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The wife of the artist Paul Cézanne often sat for him, as his hesitant manner of working required great patience during portrait sessions. In her right hand, Madame Cézanne is holding a folded fan. Her dress, grey with black ribbons, goes with the colours of the flowered wallpaper in the background. The portrait in the Bührle Collection was initially painted in the couples Paris apartment, but it was reworked ten years later by the artist. That was when the face acquired its striking, mask-like stiffness, with the dark eyes looking as if they were cut into it.
The painting became part of Emil Bührles collection in 1952. By then, it had already acquired quite a history of its own, of interest to students of the reception of modern French art. This was mainly due to the fact that from 1904 to 1943 it was owned by the American writer Gertrude Stein, who together with her brother Leo kept a well-frequented studio in Paris. It was there that her friend Pablo Picasso saw the picture of Madame Cézanne, on which he based his own portrait of Gertrude Stein, now in the Metropolitan Museum of Art in New York. Cézanne's painting appears in many photos of the Paris apartments that Gertrude Stein lived in over the years.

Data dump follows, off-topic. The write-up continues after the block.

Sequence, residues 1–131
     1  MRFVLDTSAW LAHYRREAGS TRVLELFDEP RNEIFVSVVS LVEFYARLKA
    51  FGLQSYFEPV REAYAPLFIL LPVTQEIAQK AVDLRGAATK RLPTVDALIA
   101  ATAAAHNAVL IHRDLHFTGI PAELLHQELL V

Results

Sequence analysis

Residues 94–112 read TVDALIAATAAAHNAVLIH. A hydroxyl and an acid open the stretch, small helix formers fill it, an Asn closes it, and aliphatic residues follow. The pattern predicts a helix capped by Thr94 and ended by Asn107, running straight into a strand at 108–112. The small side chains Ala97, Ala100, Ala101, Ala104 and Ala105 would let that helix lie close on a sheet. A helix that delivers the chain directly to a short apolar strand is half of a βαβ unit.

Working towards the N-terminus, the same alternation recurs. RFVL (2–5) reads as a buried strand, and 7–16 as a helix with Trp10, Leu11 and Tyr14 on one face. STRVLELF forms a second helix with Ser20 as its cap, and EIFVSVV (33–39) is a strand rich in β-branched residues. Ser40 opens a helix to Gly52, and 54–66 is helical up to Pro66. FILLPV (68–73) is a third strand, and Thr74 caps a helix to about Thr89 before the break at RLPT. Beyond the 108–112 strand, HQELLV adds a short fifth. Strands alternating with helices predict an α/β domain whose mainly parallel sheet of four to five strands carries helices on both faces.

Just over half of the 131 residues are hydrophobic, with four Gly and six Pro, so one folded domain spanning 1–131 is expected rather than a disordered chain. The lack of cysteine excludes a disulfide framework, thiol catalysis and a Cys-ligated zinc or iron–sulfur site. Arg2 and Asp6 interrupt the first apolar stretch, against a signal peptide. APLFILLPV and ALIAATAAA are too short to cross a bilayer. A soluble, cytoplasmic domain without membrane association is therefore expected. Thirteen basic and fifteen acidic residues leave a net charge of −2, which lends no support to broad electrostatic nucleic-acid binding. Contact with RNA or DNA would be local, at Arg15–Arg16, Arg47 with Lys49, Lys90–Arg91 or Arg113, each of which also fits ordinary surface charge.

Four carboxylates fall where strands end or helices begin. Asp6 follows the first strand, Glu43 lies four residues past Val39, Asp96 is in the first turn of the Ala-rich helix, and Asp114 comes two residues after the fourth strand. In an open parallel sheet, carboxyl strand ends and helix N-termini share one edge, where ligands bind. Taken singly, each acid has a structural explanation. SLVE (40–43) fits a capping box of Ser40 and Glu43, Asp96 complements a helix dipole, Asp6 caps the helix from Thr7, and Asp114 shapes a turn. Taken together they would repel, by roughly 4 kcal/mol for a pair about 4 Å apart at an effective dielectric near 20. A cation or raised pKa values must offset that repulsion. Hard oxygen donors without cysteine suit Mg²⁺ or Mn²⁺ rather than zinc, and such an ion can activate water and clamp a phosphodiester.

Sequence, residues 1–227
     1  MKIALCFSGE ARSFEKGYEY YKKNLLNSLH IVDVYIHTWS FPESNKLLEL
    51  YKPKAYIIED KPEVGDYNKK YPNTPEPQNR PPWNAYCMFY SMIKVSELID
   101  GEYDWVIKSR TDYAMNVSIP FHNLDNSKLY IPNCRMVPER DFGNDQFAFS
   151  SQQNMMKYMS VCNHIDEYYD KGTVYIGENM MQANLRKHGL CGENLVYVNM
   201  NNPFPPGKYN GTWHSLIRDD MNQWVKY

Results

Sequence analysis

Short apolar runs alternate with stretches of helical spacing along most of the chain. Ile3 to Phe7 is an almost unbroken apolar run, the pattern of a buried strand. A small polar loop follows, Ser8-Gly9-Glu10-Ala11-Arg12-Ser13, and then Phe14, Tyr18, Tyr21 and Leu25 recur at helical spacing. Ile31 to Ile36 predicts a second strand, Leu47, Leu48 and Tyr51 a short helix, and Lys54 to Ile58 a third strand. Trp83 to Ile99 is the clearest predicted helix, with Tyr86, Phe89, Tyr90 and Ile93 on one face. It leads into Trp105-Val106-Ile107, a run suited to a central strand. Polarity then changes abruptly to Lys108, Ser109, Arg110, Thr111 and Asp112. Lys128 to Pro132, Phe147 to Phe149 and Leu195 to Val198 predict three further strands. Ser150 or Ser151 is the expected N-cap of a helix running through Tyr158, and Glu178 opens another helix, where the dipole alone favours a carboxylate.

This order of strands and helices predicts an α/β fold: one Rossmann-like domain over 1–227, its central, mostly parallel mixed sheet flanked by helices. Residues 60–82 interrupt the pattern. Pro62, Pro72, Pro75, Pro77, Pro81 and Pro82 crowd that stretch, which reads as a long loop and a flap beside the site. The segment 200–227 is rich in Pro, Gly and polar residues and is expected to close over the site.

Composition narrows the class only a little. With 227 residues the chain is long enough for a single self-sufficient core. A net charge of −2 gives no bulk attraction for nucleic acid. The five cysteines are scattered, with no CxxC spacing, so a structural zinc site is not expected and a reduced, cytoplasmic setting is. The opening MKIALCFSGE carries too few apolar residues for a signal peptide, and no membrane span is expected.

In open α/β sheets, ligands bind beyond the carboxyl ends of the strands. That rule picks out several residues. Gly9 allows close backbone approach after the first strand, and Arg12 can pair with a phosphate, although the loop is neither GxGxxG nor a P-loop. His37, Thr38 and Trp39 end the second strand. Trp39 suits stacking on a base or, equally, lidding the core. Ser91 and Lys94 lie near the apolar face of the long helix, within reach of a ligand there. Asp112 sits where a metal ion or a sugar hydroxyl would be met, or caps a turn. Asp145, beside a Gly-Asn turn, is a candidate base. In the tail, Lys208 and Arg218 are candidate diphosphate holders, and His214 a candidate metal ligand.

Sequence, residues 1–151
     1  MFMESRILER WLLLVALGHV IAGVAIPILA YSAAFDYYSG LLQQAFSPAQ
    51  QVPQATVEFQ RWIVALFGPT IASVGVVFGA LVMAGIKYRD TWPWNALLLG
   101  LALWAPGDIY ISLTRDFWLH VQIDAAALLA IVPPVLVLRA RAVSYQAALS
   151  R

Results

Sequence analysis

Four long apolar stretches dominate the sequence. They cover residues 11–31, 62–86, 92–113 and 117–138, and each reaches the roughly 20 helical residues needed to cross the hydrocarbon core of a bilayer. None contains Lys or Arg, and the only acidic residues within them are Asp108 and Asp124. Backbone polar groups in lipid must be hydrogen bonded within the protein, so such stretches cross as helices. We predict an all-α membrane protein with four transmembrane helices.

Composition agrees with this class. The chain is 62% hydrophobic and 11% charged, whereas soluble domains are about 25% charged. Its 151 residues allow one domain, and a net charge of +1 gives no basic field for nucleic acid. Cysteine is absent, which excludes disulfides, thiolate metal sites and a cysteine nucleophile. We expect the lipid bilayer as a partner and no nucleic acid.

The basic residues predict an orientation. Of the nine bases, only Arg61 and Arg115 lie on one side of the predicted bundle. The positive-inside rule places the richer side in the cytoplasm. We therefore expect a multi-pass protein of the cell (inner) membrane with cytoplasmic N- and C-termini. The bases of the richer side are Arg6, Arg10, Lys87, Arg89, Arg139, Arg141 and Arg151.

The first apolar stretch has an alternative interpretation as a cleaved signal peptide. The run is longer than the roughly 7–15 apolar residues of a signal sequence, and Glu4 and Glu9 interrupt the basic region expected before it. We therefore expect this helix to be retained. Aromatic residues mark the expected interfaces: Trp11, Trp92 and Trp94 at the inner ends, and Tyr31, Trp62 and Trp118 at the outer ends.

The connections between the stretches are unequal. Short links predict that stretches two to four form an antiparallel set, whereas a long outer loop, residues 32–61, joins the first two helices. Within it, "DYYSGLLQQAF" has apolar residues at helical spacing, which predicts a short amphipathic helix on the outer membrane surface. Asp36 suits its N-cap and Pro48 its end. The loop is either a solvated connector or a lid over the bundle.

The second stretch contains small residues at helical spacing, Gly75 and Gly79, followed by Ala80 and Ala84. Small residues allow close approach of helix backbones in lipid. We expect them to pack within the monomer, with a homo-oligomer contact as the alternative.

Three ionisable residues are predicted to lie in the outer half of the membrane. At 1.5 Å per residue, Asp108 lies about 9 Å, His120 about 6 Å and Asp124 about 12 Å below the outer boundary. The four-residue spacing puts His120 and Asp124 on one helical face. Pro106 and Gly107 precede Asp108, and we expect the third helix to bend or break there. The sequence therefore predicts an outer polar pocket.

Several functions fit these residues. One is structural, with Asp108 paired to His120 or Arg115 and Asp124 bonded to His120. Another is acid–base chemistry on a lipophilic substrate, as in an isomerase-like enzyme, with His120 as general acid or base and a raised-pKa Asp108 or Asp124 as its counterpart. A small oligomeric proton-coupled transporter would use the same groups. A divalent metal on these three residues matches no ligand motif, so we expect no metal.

The purchase of Madame Cézanne's portrait by Leo and Gertrude Stein soon after 1900 was an act of recognition of the artistic avant-garde of that time. The purchase of the same portrait fifty years later by Emil Bührle was an acknowledgement of the avant-garde of a past age, whose significance had since been established. In turn, the painting defines the position of the Bührle Collection in the history of art collecting in the twentieth century.